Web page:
There's nothing like sudden death overtime in the Stanley Cup Playoffs.
Then again, there's nothing like a good night's sleep either.
While there's much merit in the argument that the 'next goal wins' format is exciting, watching OT period after OT period of cautious, trap-style hockey as each team waits for the perfect scoring opportunity can be pretty dull.
Hence the old, "I fell asleep during the overtime and woke up to an infomercial" line the next morning around the water cooler.
There is one possible solution to open things up in extra time and reduce the marathon time. Anyone for 4-on-4? Right from the start of OT? How about after the first OT?
So here's Dave's question for you: "Should the NHL employ 4-on-4 at any point in playoff overtime?"
Here are the answers that Dave liked best:
Evan says: "We love the wars of attrition and we never forget them - Keith Primeau's goal for Philly against Pittsburgh is still a vivid memory."
Chris is voting yes, yes, yes for 4 on 4: "After an overtime period? Yes. After 60 minutes of regulation time? Yes. After the national anthem? Yes."
Dustin has the following suggestion: "If you don't want to stay up for long overtimes, go to bed and watch Onrait and O'Toole in the morning." (Well yes, we can recommend that).
Rob doesn't mind 4 on 4 in overtime, but with an asterisk: "It shouldn't be sudden-death. If a goal is scored, keep playing for the full 20-minute period."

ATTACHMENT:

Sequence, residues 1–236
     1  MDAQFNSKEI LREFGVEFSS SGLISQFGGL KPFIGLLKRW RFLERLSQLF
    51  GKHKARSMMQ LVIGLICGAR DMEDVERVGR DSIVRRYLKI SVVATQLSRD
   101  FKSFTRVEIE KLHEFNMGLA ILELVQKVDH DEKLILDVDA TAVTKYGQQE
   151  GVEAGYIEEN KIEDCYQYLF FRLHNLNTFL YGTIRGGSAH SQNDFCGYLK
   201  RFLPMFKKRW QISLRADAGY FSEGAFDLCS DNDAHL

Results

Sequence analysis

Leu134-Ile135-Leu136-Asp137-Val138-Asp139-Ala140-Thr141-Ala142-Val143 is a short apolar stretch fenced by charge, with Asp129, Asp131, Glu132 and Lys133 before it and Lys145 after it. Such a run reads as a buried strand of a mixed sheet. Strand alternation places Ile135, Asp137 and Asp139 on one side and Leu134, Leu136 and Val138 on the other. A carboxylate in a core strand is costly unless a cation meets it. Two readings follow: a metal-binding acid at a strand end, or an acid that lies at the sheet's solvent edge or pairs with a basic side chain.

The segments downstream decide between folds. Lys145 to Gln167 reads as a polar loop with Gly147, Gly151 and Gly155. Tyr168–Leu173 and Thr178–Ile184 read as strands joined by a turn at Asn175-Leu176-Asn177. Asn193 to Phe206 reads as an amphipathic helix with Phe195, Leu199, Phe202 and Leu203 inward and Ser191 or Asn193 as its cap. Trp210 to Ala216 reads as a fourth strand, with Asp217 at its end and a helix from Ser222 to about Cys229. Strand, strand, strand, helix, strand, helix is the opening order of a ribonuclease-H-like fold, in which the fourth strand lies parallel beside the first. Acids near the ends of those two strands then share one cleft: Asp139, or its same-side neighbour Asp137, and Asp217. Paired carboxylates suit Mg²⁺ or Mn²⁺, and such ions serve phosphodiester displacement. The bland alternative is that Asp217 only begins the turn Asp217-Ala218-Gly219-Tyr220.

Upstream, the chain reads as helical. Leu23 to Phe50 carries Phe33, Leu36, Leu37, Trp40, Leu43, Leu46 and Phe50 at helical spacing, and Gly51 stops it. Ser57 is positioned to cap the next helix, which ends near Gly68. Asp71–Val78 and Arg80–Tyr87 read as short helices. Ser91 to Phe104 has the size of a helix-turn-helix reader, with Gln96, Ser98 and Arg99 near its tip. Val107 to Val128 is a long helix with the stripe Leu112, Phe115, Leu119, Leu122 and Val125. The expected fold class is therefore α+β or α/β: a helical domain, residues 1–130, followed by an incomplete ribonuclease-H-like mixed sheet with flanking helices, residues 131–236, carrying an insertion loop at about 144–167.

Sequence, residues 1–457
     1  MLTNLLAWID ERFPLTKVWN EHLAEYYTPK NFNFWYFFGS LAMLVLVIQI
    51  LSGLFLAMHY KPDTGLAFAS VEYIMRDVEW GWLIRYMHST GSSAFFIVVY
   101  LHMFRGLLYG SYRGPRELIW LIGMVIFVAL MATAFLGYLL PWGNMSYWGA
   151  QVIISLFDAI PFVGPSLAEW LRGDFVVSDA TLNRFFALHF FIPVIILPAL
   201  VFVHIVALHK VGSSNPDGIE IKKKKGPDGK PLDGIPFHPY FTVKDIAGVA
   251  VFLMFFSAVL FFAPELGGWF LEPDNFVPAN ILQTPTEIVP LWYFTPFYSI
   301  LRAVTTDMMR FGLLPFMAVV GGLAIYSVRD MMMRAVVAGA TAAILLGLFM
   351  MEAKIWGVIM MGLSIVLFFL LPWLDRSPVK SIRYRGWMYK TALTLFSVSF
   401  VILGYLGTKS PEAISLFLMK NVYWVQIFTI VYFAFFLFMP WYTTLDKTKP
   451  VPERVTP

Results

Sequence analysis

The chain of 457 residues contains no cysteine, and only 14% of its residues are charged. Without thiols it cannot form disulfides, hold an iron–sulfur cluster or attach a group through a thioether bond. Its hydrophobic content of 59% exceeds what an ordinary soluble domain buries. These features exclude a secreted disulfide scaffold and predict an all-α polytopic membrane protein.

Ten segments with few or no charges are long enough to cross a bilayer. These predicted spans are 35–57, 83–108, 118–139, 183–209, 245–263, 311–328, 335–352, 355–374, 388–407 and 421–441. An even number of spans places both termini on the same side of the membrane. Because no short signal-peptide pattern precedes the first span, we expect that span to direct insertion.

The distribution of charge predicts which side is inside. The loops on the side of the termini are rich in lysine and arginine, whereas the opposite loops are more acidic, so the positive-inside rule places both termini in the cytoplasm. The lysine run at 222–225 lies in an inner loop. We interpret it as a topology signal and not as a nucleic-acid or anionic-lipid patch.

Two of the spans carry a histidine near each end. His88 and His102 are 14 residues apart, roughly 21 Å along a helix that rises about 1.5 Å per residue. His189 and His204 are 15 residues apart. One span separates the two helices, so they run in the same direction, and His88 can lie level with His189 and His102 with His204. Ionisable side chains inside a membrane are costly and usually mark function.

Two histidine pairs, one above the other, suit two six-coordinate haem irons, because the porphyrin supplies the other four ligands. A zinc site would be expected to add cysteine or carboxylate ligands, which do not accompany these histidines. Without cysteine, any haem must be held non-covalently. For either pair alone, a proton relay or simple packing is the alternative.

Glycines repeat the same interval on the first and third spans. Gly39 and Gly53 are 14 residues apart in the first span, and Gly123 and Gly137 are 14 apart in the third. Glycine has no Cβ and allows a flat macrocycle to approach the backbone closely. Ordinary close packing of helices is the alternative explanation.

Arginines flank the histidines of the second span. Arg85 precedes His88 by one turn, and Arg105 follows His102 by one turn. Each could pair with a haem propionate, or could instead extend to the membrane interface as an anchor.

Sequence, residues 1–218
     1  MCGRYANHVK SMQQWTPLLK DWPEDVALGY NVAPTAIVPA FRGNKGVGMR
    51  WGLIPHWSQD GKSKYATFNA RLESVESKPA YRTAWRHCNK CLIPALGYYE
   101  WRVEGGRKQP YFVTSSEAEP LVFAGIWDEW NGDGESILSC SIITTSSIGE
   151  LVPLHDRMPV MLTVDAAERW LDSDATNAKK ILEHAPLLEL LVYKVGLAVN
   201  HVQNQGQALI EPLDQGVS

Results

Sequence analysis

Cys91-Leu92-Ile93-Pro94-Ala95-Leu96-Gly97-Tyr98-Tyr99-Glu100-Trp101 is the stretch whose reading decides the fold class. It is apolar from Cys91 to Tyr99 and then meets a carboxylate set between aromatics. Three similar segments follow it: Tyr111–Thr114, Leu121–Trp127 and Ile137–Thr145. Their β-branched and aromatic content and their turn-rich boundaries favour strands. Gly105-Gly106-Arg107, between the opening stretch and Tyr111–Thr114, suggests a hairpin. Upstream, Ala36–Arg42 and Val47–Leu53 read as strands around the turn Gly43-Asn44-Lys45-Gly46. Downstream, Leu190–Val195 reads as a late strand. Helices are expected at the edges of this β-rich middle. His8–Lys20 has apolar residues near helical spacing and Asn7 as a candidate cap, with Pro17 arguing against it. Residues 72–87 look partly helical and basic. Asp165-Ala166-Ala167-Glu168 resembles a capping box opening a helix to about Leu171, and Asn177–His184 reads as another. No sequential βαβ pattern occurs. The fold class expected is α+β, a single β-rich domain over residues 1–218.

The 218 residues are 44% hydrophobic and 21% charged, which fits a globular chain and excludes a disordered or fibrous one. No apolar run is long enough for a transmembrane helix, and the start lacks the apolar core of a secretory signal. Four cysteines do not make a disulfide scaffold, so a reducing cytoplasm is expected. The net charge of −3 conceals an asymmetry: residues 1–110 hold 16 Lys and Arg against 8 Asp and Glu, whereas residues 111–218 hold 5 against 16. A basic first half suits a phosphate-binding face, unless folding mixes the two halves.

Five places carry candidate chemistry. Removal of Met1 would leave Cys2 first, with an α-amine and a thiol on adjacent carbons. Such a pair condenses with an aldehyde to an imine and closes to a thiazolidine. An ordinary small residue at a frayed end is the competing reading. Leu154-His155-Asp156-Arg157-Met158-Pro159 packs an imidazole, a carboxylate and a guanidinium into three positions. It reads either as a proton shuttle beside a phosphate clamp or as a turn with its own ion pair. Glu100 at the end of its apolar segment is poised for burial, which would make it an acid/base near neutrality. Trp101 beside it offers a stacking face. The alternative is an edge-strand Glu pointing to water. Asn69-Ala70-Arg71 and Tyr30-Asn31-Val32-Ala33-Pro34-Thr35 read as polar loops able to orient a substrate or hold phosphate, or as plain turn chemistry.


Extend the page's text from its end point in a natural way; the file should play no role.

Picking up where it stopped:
Dale might want to do that 5-on-5: "We Canadians wear the day-after-triple overtime bags under our eyes as proudly as the players wear their scars."
This comes from Shawn: "By altering the overtime format, you're changing the way hockey's founders intended the game to be played." (in June, shawn?)
Will sent this e-mail: "Rather than break tradition, why not call penalties in overtime?" (Some would say that would break tradition).
And finally, from Brian: "Don't mess with the playoffs. They're the only reason I'm still interested in the NHL."
And Dave's Reply to All:
It has never made any sense to me that playoff rules and regular-season rules are different and they aren't, with the exception of overtime.
Now this could lead to a discussion of shootouts, but let's not go there - I will grudgingly accept the argument against shootouts in the playoffs.
But not the argument that playoff overtime needs to be 5-on-5 so games might never end.
The 3-overtime marathon between the Rangers and the Capitals wasn't the best hockey entertainment of the playoffs - it was merely the longest.
4-on-4 overtime in the regular season has gained widespread acceptance, so why should fans object to 4-on-4 overtime in the playoffs?
To the many who do, I say: 4-on-4 doesn't guarantee a goal - you might still get your marathon games - and think of how much more exciting they'd be.